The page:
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Getting the most out of your lawnmower this season!

When the sun starts shining and the days begin to heat up, it can mean only one thing: the winter-long hibernation of the lawnmower is finally drawing to a close. Unfortunately for some, however, the lawnmower’s long period of inactivity can result in poor performance or even failure to start. To be able to fully enjoy the smell of freshly cut grass, the world’s leading ignition and sensor specialist offers insights on how to get the most out of your lawnmower.

Time for a spark plug replacement

With a little luck, a lawnmower will start motoring after one or two tugs of the pull cord when first taken out after the winter. This, however, does not necessarily always transpire, with variety of start-up and operational problems often occurring. These can range from simple quick-fixes such as having to push the primer bulb a few times to ensure that the petrol is sufficiently distributed in the engine, to more invasive maintenance tasks like replacing a blocked air filter.

Indeed, one issue that is of utmost importance to the health of a lawnmower is its spark plug because when one is faulty, the lawnmower can suffer in a variety of ways. Just as in on-road vehicles, NGK SPARK PLUG offers a wide range of standard and precious metal Aftermarket replacements for all small engine applications, including lawnmowers. If a lawnmower’s spark plug has gone or is going bad, the key symptoms to be on the lookout for include:

  • Difficulty starting the engine: If the lawnmower has been primed and yet still requires many tugs of the pull cord before it starts, there is a good chance the spark plug needs replacing. With an underperforming spark plug, the spark generated by the plug may not be strong enough to fully ignite the air-fuel mixture, which can result in flooding of the engine.
     
  • Substandard engine performance: Once a lawnmower with a faulty spark plug is running, it is common for it to suddenly cut-out during operation. This means that it must be restarted which can prove to be even more difficult each time because the heat of the engine can cause the gap between the spark plug’s ground and centre electrodes to increase, resulting in an even weaker ignition spark.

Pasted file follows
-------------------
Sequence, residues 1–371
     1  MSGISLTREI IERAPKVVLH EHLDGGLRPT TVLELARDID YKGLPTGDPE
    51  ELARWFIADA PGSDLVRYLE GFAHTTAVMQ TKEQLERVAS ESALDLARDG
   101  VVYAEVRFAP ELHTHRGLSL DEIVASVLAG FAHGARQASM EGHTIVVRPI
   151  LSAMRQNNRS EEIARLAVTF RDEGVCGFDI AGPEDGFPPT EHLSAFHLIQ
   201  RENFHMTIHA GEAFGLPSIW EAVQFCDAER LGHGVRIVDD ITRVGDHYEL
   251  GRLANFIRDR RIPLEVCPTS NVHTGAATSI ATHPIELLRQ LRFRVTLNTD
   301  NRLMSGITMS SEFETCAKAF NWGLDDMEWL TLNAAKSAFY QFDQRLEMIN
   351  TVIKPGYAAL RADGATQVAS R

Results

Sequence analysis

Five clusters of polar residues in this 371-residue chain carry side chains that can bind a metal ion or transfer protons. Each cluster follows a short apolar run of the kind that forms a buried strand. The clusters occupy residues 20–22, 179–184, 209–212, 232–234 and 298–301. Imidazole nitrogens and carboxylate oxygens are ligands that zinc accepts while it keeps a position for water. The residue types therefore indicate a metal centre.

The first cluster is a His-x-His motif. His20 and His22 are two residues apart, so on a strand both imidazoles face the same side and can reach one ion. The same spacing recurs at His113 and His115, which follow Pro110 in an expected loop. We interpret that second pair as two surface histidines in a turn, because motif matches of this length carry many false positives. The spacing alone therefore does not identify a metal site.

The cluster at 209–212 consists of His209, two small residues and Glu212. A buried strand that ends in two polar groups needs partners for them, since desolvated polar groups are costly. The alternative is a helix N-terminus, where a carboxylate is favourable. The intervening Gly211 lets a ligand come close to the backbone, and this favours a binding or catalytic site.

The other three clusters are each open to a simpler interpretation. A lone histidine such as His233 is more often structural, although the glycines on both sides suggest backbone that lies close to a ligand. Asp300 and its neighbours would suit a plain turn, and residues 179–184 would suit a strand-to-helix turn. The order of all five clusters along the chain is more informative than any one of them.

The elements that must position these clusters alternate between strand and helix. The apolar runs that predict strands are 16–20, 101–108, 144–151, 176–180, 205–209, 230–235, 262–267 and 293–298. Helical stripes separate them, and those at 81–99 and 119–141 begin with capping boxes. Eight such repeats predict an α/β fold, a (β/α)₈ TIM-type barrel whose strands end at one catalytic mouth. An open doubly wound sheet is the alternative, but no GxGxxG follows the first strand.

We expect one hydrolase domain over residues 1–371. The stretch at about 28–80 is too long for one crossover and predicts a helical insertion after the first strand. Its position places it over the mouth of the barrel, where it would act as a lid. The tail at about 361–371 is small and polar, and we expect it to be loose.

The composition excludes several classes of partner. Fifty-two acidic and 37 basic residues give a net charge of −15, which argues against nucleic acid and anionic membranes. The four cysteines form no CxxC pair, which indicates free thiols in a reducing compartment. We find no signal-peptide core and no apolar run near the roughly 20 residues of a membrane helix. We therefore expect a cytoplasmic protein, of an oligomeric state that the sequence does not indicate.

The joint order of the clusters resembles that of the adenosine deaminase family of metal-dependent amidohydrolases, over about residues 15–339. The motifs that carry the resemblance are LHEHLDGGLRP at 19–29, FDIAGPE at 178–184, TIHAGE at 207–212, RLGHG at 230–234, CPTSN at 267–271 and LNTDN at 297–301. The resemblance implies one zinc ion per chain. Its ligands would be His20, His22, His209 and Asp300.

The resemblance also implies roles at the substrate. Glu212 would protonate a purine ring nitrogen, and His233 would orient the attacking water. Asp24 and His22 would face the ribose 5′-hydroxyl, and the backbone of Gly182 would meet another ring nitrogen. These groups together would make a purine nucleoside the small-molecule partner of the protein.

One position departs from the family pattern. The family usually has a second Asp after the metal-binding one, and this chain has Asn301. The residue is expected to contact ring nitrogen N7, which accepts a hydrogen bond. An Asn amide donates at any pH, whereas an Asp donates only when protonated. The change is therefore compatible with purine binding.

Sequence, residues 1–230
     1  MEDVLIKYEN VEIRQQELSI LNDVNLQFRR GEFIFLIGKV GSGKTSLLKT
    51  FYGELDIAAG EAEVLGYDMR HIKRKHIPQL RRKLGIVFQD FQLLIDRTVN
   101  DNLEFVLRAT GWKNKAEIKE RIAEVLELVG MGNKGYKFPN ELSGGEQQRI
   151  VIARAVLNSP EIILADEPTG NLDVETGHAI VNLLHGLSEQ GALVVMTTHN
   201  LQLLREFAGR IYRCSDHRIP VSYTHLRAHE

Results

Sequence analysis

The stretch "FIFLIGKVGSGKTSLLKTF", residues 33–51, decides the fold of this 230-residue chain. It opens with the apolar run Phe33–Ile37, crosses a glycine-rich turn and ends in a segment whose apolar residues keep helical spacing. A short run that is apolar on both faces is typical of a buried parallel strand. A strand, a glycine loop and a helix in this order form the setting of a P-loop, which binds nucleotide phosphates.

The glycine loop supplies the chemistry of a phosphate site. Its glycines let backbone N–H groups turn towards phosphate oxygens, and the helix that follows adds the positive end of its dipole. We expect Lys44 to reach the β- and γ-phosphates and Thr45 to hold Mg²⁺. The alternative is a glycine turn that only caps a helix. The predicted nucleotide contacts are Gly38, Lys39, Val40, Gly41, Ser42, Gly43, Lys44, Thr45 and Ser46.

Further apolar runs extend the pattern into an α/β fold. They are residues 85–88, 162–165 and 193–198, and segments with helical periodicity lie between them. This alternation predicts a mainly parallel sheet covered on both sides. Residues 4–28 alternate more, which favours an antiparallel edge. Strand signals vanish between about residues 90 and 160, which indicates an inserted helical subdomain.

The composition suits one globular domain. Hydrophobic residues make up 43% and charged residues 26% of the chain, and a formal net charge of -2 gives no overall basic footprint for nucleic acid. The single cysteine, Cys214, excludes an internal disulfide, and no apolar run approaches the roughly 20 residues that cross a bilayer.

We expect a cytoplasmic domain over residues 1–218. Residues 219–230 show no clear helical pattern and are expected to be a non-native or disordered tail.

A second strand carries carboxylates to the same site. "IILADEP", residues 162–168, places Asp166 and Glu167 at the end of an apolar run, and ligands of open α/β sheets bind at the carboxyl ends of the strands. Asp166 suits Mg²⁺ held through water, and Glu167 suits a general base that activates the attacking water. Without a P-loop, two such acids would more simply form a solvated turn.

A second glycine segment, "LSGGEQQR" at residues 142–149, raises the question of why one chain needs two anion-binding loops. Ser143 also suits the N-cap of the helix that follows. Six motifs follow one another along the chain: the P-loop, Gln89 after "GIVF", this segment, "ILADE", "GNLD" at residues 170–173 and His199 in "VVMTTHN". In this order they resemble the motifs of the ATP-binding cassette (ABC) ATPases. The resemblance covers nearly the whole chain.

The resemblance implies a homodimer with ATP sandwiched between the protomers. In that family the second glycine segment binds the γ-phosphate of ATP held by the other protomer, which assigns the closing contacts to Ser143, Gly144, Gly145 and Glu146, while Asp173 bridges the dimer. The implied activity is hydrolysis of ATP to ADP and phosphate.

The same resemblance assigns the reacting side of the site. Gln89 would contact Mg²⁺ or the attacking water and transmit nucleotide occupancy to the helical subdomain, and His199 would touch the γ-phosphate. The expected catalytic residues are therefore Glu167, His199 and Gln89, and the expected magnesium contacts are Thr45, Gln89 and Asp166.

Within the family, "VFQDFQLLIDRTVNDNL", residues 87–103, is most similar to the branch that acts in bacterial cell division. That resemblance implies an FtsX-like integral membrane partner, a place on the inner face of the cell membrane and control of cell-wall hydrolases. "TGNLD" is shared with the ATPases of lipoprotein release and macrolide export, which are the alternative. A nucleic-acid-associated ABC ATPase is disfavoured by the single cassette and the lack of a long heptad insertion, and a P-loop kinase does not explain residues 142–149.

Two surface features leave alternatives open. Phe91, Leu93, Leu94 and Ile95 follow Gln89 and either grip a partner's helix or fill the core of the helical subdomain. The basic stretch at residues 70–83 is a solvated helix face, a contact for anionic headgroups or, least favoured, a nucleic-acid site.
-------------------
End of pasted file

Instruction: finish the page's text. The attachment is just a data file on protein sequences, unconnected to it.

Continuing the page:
• Poor fuel economy: A misfiring spark plug will lead to the petrol in the lawnmower’s engine failing to burn completely. The knock-on effect of inefficient combustion will lead to an increase in fuel consumption. Needing to refill a lawnmower more regularly than normal is a common symptom of one that needs a new spark plug.
     
  • Worn appearance: Upon physical inspection of a lawnmower’s spark plug, it may become apparent that it’s time to install a new one. Cracks on the plugs ceramic casing or a centre electrode with a rounded top instead of a flat top are key indicators. If the spark plug is sooty, a thorough cleaning may be enough to restore full functionality. Particular attention should be paid to the threat of carbon fouling, however, because although it can destroy the spark plug, it is a symptom of a problem from another part of the engine such as an incorrect air-fuel mixture. Replacing the plug in this scenario will only postpone the problem.

How to choose the right plug

For optimum lawn mowing performance, spark plug quality is especially important. If a precious metal Aftermarket upgrade is available for a particular lawnmower, NGK SPARK PLUG recommends using it because their advanced design and durability reduce misfiring, prevent sooting and ensure a longer service life than standard types. Most importantly, however, is the avoidance of low-cost replacements. Three main reasons against fitting cheap replacement plugs into a lawnmower or in fact any internal combustion engine, are:

  • Faster wear: Cheaper plugs often cause misfiring or wear more quickly, shortening their service life. This can mean poor running, unreliable start-ups and higher emissions and fuel consumption.
     
  • Wrong heat range: Sometimes the heat range of low-cost plugs is incorrect. This can lead to overheating of the spark plug, resulting in engine damage in extreme cases.
     
  • Interference issues: Lower quality spark plugs may not meet the ‘immunity requirements’ of radio networks, potentially causing interference problems.

Installing a new spark plug

NGK SPARK PLUG recommends the following steps when fitting a replacement spark plug:

  1. Disconnect the spark plug wire from the spark plug at the front of the engine. This is a safety procedure that prevents the engine from accidently catching fire.
     
  2. Using a socket wrench or better still, a spark plug wrench, loosen the spark plug that is installed. A certain amount of force may be required to unfix the plug. Once this has occurred, unthread it using a wrench or your hands in the same manner you remove a screw.
     
  3. Using a wrench or your hands, screw in the new spark plug. To guarantee easy installation, ensure that threads of the plug are in line with the socket threads. Never force it in!
     
  4. Check the torque specifications on the packaging and, using a wrench, adjust the new spark plug to the correct torque. Ensure that the plug is fitted neither too tightly nor too loosely.
     
  5. Reattach the spark plug wire to the spark plug and start mowing!

All new spark and glow plugs can be found in the NGK SPARK PLUG EMEA catalogue for small engine applications which is available here.